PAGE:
“So much of our business comes from word-of-mouth advertising. I always think that it’s because we are a cooperative. Nobody really writes articles in the business section about cooperatives, there’s no business school that teaches you how to run a cooperative, except in Canada. But, it is one of the most prevalent business structures in the United States. As many people are shareholders in cooperatives as there are shareholders in the stock market, but it’s not really talked about as a business model anywhere. Sometimes I think that the word co-op is assigned connotations and stereotypes. Anytime you stake yourself as a community, people outside of that community wonder if they are allowed in and are allowed to be a member. I think that people that have never heard of us, or avoided us, are shocked to learn how nice it is and how friendly we are. Also, 56 cents of every dollar was returned to the local economy from the co-op last year. Most grocery stores return 18 cents into the local economy. That’s more than 3 times as much. People are pretty surprised by that.”
What about Buffalo makes this work?
“Buffalo is a wonderful place to live because it is very community oriented. It’s a very traditional community. We are more willing and apt to shop at a local business where we know the owners and they live in our community, than some big chain. I think that’s a wonderful thing about Buffalo.”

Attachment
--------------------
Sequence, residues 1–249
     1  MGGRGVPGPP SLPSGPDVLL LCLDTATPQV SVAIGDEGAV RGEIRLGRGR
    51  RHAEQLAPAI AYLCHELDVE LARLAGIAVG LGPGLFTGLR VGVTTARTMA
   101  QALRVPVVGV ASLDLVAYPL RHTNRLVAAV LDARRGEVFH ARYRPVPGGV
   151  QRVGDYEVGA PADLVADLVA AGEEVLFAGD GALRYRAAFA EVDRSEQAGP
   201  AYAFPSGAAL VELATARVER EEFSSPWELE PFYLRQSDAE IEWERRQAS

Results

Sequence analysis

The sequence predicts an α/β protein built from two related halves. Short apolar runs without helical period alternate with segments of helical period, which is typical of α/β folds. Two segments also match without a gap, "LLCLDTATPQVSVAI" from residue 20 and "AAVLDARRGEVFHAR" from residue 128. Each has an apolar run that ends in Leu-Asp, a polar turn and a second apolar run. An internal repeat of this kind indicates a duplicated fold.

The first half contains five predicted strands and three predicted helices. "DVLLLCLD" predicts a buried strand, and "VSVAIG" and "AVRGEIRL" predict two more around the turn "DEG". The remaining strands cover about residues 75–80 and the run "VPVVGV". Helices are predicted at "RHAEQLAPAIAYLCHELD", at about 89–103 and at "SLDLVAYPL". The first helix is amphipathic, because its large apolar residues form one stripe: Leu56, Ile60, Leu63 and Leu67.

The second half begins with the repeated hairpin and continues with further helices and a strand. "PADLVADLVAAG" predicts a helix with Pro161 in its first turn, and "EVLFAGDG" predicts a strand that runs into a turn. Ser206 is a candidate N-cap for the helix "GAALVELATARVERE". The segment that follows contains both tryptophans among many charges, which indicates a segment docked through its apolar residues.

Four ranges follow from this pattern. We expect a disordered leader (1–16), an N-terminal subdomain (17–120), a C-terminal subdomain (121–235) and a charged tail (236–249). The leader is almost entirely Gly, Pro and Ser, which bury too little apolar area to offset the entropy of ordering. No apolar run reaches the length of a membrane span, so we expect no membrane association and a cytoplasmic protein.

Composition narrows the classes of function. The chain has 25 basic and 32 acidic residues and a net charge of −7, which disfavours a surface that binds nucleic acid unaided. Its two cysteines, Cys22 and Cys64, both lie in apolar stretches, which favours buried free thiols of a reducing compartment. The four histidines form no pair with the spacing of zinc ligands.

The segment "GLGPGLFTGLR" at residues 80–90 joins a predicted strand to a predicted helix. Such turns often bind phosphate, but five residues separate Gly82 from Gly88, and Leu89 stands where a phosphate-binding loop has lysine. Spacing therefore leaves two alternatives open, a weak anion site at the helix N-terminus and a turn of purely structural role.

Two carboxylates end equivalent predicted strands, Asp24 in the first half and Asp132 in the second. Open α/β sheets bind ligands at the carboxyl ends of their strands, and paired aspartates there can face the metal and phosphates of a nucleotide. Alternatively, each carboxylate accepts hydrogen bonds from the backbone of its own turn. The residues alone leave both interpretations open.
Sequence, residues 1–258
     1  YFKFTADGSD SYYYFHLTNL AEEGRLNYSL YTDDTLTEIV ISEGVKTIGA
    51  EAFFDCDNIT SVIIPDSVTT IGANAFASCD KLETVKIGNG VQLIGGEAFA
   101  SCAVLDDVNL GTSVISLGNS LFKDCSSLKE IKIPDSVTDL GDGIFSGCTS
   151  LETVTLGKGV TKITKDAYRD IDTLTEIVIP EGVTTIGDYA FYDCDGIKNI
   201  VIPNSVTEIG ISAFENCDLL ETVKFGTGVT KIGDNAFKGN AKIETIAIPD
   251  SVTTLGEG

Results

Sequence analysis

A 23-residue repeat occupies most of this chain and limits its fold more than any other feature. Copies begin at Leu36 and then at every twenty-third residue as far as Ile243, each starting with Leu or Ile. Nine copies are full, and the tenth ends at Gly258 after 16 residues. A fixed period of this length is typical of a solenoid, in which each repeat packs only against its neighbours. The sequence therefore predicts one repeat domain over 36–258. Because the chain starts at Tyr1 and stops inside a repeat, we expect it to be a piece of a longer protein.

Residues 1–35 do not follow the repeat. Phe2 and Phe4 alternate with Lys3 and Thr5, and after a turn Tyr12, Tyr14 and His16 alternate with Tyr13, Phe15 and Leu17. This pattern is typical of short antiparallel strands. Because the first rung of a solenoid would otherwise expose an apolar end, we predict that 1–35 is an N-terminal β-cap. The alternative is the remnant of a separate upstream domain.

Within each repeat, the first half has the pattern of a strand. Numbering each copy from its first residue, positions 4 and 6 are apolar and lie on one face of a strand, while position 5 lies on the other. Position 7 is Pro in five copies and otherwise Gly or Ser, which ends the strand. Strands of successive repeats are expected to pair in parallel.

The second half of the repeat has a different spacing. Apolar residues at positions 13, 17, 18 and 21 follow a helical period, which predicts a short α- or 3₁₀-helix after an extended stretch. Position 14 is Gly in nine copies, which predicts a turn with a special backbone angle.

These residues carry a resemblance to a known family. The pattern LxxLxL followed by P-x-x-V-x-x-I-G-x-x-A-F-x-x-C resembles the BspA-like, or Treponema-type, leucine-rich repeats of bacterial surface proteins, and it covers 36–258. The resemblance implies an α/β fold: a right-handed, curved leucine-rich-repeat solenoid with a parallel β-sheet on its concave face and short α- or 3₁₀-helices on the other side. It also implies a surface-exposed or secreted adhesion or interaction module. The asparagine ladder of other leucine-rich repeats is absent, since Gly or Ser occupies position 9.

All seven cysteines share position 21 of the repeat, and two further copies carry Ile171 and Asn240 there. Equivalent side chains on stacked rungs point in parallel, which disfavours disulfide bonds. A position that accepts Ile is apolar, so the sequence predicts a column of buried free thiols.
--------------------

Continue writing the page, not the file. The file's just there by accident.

What is the Co-op’s greatest area of need?
“We’d love to raise another half a million for the new Hertel store. We just need more people to believe in the power of cooperation, community and collaboration. Urban Roots started 5 or 6 years ago as the first community owned garden center in the United States, BreadHive just started a year and a half ago. We also have two of the largest cooperatives in the country centered in Western New York. I just think that this is such fertile ground. People think of working together here in a way that just doesn’t happen in other places. We want to see that grow and expand and it’s one of the great things about Western New York. We want to see more people have access to it.”
Anything the community can do to step up and help?
“Just come check us out. Stop in and see if the store meets your needs. We have over 12,000 owners, which is 1.2% of Erie County, which is pretty cool. But we’re always looking for more people to check us out and shop here. If it works for you, that’s great.”
What would you tell a younger version of yourself?
“You’re on the right track and you’re going to love it. When I was young, I was much more restless in thinking that I should be, or wanted to be doing something else. I don’t think that I knew just how much I would enjoy being a grocer. All of the mistakes that I made led me here.”